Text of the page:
The Republican's arrogantly believe that all they need to do in the 2014 mid-term elections is (i) run against Barack Obama to bring out the racists in the GOP base and (ii) run against what they derisively call Obamacare to bring out independents. Hopefully, this calculus turns out to be in error. Moreover, as a column in the Washington Post notes, it may ignore the so-called Hillary factor that might motivate more of the Democratic base to turn out. Stated another way, there are those who do not like Obama but who do like Hillary and might, therefore, be inclined to make the effort to get out and vote come November. Here are column excerpts:
There are two majorities in the country right now. One disapproves of President Obama. The other is still inclined to vote Democratic. The key question for the 2014 elections is whether voting this fall — and Obama’s approval ratings — can come into line with the electorate’s broader Democratic leanings.There is also this: Obama’s difficulties do not appear to be hurting Hillary Clinton’s chances of winning the presidency in 2016.These are the findings just below the surface of the latest Washington Post/ABC News poll released last week. Obama’s approval rating in the survey was just 41 percent, both with the general public and among registered voters. But in a hypothetical matchup with Jeb Bush for the 2016 presidential race, Clinton was favored by 53 percent of registered voters, Bush by 41 percent.The roughly one-eighth of voters who disapprove of Obama but nonetheless support Clinton for 2016 may be the most important group in the electorate. If Democratic candidates can collectively manage to corral Clinton’s share of the national electorate this fall, the party would likely keep control of the Senate and might take over the House of Representatives.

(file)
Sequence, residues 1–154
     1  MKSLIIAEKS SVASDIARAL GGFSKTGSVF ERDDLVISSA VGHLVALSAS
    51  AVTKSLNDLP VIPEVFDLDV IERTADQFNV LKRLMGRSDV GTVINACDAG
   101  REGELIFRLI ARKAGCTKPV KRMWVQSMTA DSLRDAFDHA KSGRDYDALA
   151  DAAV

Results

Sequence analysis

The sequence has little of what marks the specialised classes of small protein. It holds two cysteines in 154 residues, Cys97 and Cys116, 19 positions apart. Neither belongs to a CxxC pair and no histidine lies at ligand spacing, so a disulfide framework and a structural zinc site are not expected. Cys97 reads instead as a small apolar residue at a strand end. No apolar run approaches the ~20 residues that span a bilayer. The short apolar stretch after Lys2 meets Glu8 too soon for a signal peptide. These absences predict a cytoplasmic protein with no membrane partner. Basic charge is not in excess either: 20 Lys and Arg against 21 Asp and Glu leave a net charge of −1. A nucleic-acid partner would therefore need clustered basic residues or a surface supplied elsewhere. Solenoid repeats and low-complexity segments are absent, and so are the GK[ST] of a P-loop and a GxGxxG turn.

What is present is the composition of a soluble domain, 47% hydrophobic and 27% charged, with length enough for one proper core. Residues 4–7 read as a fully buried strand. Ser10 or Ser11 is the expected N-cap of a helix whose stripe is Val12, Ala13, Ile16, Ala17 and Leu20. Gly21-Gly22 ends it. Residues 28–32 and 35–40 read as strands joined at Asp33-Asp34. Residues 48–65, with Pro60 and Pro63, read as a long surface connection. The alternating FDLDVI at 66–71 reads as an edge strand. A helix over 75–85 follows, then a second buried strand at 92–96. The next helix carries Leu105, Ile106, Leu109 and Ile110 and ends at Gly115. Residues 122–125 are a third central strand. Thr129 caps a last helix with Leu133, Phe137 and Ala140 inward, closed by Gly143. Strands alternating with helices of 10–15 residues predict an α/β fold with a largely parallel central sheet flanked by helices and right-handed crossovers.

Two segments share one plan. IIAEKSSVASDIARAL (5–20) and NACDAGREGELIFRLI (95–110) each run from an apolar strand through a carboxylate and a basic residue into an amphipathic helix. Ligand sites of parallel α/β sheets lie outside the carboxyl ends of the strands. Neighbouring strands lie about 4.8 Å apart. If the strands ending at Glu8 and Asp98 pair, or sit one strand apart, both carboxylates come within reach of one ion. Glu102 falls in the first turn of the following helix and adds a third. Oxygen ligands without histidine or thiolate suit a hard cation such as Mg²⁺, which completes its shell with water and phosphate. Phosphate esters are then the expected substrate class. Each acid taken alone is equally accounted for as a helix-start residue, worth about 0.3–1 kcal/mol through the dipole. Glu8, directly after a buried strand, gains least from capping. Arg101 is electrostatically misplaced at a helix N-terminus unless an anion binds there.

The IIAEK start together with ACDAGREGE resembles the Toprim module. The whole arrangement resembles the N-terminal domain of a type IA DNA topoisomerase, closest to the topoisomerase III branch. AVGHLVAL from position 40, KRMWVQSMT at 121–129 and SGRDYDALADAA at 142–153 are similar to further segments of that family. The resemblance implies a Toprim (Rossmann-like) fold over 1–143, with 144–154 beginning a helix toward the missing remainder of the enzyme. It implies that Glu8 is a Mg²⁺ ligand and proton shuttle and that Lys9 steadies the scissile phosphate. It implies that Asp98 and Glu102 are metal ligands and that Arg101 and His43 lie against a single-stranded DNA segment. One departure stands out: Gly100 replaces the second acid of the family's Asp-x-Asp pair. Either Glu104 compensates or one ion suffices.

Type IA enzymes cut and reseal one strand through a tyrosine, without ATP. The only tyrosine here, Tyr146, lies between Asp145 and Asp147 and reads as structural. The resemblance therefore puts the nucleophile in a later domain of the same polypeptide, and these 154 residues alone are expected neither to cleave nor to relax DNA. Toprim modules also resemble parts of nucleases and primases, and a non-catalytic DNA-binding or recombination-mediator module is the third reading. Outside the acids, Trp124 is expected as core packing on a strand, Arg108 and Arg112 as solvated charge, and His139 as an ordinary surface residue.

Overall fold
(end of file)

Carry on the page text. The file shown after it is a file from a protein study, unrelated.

These Hillary Difference Voters, as we’ll call them, could find themselves the most courted contingent in this year’s contests.
Who are they? A comparison of those who back Clinton but disapprove of Obama with the group that is both pro-Clinton and pro-Obama suggests that the swing constituency is much more likely to be blue-collar and white — 71 percent of the mixed group are white, compared with only 57 percent of the pro-Obama, pro-Clinton group, and it is also somewhat more Latino.
Ideologically, the swing group includes significantly fewer self-described liberals. Among the Hillary Difference Voters, only 29 percent call themselves liberal; among those who both favor Clinton and approve of Obama, 43 percent are liberals. Nearly a third of the mixed group are white evangelical Protestants compared with only 10 percent of those who react positively to both Democrats.
Interestingly, while the swing group is 63 percent female.
While Hillary Clinton, like her husband, can reach moderate voters — thus her popularity among non-liberals — the contours of the Hillary Difference constituency are decidedly populist. The voters Obama and the Democrats need to re-engage are a less affluent, non-elite group for whom the economy is the central concern. In their different ways, both Clinton and Warren may end up pointing the party and the president in the same direction.
The swing voters this year are motivated by economic discontent. They don’t trust the Republicans but aren’t happy with the Democrats. Hillary Clinton has many of them. Obama needs them to come back his way.